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Supply chain of things

In the video, Dr Nick Wright explains how a supply chain of things relates to the journey of a product from its raw materials to the consumer.

We start the course by looking at a key concept in logistics – ‘the supply chain of things’.

In the video, Nick Wright explains how a supply chain of things relates to the journey of a product from its raw materials to the consumer.

However, before an understanding of the supply chain of things can be explored further, it’s important to recognise that the goods we want and need come from raw materials, are processed and some ‘value’ is added to create the final product we want to buy. This is a fundamental engineering concept known as the ‘operations model’ (Waller 2003), which was developed in the first industrial revolution in the late 18th century. Raw materials were transformed into things that people bought with money.

Take potatoes, for example. You wish to obtain potatoes to cook a meal. Where do potatoes come from? How do you buy potatoes? What happens to potatoes before they are ready for you to buy?

  • Potatoes are grown on farms and harvested when they are ready
  • They are then sent to a processing facility that grades them by size, washes them and packs them in convenient sizes
  • The potatoes are transformed so the consumer can buy one or two potatoes in a convenient bag

This can be viewed as a very basic supply chain or a ‘supply chain of things’.

The ideas of supply chains and logistics were not clearly developed or visible in business until the 1960s when the idea of physical distribution was noted. The likes of Forrester (1961) noticed that the flow of goods through physical distribution channels was often fragmented. This initial focus was on goods moving from manufacturing to retailers and the many stages in between, including:

  • Warehousing
  • Material handling
  • Packaging
  • Finished goods inventory
  • Distribution planning
  • Order processing
  • Transportation
  • Customer service

Many of these activities were done independently and with no coordination with other parts of a business. Warehouses were built by manufacturers and exporters, often had their own vehicles for deliveries and managed all of the distribution. Manufacturers just made things efficiently and filled up warehouses. There was no connection to what a customer wanted or the sort of product desired.

As a result, practitioners expanded their interest to include the flow of materials from their source to the factory. In effect, examining the supply of materials into manufacturing. This included:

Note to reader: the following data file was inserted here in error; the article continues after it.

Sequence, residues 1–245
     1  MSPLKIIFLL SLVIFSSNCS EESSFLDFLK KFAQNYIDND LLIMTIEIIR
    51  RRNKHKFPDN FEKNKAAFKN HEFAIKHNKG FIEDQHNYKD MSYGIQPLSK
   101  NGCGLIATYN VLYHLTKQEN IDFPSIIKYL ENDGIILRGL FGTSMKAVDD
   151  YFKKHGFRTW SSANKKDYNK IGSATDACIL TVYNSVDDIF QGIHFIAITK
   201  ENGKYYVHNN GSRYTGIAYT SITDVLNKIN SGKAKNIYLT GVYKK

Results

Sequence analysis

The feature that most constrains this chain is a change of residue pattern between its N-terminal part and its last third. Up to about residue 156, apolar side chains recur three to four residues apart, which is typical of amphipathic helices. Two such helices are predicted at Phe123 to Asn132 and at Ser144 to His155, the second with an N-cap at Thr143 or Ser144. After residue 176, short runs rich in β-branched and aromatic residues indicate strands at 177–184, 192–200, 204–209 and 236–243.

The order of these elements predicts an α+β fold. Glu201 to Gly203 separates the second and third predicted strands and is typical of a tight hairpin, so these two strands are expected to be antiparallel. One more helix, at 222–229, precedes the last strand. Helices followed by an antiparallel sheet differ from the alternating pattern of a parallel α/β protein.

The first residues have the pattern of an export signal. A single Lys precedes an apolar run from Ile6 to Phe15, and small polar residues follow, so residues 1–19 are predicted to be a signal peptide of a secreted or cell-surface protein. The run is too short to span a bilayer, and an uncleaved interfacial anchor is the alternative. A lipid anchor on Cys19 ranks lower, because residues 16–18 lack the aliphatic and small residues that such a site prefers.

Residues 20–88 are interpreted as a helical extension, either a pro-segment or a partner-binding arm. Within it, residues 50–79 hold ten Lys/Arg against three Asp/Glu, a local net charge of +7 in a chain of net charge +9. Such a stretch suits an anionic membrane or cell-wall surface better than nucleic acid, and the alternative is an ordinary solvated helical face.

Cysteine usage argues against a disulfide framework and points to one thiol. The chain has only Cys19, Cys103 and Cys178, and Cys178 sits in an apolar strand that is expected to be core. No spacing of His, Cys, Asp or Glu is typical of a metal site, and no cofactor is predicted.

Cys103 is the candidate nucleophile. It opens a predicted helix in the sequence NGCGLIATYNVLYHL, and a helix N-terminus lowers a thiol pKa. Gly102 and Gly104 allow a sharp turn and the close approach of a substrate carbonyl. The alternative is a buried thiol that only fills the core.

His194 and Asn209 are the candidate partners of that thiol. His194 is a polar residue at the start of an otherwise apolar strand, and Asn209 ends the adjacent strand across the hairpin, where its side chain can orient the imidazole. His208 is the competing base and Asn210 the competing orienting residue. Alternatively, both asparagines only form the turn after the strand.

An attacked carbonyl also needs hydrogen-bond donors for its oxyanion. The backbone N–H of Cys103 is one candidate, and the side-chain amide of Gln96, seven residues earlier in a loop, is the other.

• Demand forecasting
  • Purchasing
  • Requirements planning
  • Production planning
  • Manufacturing inventory

In the 1960s and 1970s, businesses began to address their disconnected and independent approach by investing their efforts into integrating their activities – creating a more joined up and efficient response to customer demand.

The term, ‘supply chain of things’ wasn’t commonly used until the 1990s, following the adoption of the value chain tool developed by Porter (1985). The tool demonstrated that potential savings could be made if businesses were better able to control the flow of goods and materials from the source to the final customer.

This image provides an overview of Porter's Value Chain, displaying the primary activities, which include inbound logistics, operations, outbound logistics, marketing and sales, and service. This also displays the supporting activities, which include firm infrastructure, human resource management, technology development, and procurement. Click on the image to expand and zoom in.

The key to a supply chain is that it deals with a physical ‘thing’.

Your task

Consider any physical item near you now and ask:
  • Where does it come from?
  • What is it made of?
  • How did it get here?
Share in the comments area what you think is the supply chain for your chosen physical item.


Forrester, J. (1961) Industrial Dynamics. M.I.T Press

Porter, M. (1985) Competitive Advantage: Creating and Sustaining Superior Performance. New York: Simon and Schuster

Waller, D. (2003) Operations Management: Supply Chain Approach London: Cengage Learning

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